Audiologists specialize in diagnosing and treating hearing-related issues
Information on Audiograms
So, you have gone through all the tests with your audiologist, and you are ready to see your results. But how do you read them? Initially, it might look like many indecipherable lines and symbols, but once you learn how to read and interpret your audiogram, you will better understand your hearing. More so, your audiologist will use the results to determine the next steps for you.
What is an Audiogram?
An audiogram is a graph or chart that displays your hearing test results, and it measures your hearing ability. An audiogram is used to help identify what level of hearing you have compared against normal hearing capabilities. For example, it can show the level at which sound becomes uncomfortably loud for you. This is called the uncomfortable loudness level (ULL).
Your audiologist will explain your results to you in terms of volume, pitch and speech sounds.
By interpreting your results, your audiologist can understand the extent and nature of any loss measure and if any referable conditions exist.
How is an Audiogram Created?
During a hearing test, sounds are presented at different pitches and volumes. A computer-driven audiometer is used to pitch to generate the sounds. An audiologist controls which the pitch of the sound is presented at what intensity.
How to Read an Audiogram
The audiogram graph is used to make a comparison between the degree of hearing loss and which frequencies or pitch the hearing loss is at.
The frequency is on the horizontal axis, which is displayed in Hertz (Hz), so for example, 250Hz is a low pitch sound and 8000 Hz is a high pitch sound. The amount of hearing loss is shown on the vertical axis in decibels (dB), where the higher the number, the greater the degree of hearing.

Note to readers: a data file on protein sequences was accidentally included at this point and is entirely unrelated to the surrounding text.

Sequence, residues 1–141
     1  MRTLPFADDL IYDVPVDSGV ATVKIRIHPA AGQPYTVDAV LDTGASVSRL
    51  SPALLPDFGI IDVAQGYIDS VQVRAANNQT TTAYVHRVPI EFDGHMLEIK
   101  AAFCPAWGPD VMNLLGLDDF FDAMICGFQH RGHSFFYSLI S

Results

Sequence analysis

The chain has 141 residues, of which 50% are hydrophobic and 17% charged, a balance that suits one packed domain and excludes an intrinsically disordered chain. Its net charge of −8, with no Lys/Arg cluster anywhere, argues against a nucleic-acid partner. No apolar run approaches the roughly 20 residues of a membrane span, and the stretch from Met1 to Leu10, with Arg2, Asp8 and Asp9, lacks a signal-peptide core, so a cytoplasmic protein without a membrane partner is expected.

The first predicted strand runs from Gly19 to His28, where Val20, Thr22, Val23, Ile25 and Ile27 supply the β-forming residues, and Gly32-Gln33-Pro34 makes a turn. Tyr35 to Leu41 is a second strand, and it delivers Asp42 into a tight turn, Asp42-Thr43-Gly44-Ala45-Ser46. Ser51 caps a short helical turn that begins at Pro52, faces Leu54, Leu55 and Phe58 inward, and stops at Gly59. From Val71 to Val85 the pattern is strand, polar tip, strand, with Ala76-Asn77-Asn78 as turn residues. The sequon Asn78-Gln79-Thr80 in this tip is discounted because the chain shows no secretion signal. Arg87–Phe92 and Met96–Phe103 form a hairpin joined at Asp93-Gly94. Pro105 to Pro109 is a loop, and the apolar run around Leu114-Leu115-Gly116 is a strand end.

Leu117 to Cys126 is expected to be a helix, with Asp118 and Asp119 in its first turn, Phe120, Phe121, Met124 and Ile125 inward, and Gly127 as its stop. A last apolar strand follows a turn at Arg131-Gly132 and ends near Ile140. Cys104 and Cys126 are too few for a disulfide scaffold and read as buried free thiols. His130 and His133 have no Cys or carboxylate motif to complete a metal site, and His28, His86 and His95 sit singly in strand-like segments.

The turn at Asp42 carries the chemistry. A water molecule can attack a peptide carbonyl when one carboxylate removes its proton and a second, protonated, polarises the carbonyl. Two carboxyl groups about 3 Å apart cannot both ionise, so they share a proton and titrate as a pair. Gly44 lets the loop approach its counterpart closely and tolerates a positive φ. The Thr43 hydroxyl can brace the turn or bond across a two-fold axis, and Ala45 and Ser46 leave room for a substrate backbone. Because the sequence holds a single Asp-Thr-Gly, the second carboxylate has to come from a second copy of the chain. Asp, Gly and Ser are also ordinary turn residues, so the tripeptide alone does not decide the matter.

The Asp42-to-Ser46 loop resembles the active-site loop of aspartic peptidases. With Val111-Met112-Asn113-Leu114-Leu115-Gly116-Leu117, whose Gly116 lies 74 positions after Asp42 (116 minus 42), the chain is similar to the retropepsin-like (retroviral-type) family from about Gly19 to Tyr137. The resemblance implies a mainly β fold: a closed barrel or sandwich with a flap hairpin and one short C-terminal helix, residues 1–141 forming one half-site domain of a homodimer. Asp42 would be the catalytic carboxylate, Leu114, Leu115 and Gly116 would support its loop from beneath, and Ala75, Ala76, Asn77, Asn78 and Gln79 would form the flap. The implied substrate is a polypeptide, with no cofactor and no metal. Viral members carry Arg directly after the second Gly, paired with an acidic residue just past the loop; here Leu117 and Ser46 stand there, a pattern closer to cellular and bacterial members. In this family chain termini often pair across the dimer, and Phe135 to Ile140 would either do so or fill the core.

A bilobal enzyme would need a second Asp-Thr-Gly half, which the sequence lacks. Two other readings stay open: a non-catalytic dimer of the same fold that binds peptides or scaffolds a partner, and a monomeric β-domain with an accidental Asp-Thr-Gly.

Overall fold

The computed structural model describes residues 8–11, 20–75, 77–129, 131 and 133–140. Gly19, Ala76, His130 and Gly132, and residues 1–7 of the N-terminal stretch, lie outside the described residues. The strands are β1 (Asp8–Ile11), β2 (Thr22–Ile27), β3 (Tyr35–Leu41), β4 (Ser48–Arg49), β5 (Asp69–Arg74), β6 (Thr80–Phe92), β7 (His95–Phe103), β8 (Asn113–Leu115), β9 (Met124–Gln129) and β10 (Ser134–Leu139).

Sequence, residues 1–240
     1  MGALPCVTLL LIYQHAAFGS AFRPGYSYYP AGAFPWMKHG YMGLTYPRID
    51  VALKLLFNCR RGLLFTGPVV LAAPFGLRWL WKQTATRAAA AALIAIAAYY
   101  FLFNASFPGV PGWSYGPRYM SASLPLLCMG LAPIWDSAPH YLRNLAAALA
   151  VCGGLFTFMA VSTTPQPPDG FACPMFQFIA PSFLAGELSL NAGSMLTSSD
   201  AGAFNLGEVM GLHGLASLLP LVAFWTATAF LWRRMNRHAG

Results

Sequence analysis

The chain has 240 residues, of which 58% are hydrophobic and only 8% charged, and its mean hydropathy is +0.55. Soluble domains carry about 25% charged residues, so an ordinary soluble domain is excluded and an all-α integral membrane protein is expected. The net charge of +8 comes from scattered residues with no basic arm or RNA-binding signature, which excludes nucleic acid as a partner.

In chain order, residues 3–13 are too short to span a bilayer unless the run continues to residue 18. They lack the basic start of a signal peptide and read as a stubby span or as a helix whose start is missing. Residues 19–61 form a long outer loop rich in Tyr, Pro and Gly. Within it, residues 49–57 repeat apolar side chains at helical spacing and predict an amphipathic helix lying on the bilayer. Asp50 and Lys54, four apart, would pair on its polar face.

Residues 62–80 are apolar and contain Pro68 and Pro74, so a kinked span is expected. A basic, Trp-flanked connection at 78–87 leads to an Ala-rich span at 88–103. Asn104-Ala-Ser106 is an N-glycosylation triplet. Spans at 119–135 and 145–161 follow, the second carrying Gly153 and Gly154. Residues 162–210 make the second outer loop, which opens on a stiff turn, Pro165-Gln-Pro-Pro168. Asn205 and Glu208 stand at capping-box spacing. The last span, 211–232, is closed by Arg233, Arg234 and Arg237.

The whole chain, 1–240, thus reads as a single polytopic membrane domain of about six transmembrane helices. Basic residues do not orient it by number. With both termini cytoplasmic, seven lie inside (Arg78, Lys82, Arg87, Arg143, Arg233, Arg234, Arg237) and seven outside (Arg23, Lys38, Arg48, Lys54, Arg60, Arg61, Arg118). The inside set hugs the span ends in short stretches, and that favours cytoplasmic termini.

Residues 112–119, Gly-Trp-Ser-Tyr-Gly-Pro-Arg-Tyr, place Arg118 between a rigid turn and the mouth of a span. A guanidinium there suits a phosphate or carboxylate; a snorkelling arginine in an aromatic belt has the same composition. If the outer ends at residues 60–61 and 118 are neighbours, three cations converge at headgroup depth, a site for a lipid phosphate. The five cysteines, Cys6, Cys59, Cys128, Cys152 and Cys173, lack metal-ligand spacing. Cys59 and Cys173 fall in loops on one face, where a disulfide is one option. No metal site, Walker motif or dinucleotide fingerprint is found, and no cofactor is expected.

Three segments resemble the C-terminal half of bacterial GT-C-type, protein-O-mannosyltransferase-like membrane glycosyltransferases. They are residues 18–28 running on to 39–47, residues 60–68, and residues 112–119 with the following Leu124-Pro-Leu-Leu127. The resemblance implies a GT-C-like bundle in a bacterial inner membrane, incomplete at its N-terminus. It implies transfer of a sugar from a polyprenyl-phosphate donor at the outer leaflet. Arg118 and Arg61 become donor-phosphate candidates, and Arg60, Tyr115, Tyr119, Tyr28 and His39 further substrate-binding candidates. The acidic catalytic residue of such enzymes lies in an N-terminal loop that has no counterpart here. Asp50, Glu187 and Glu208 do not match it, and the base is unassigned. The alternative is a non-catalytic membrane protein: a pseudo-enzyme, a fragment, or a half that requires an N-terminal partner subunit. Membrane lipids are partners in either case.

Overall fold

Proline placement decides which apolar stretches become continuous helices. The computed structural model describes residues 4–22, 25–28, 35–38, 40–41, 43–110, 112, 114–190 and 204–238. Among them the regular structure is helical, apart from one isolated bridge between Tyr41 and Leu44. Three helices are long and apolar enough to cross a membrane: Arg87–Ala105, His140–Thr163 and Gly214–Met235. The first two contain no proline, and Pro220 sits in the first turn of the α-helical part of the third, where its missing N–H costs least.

The vertical axis of the audiogram chart is used to show the loudness or intensity of the signal presented. This is measured in decibel. The axis starts at -10dB and increases in five decibels steps up to 120dB.
An O is often used to represent responses for the right ear, and an X is used to describe responses for the left ear. A key on the audiogram, similar to one found on the map, identifies what the different symbols mean.
The pitches shown on the audiogram are those most important for hearing and understanding conversation. When someone speaks, each sound we hear has a different pitch or loudness. For example, the s sound is high pitched and quiet. The o sound is low in pitch and louder.
The decibel scale is a logarithmic scale in which the doubling of the sound pressure level corresponds to a level increase of six decibels. Decibels are not fixed values like volts or meters.
The audiologist will interpret the results for each ear to determine the severity and nature of any loss that may be present. But it is not an easy feat to understand an audiogram, and if you do have any questions, your audiologist is there to help you get a clearer understanding.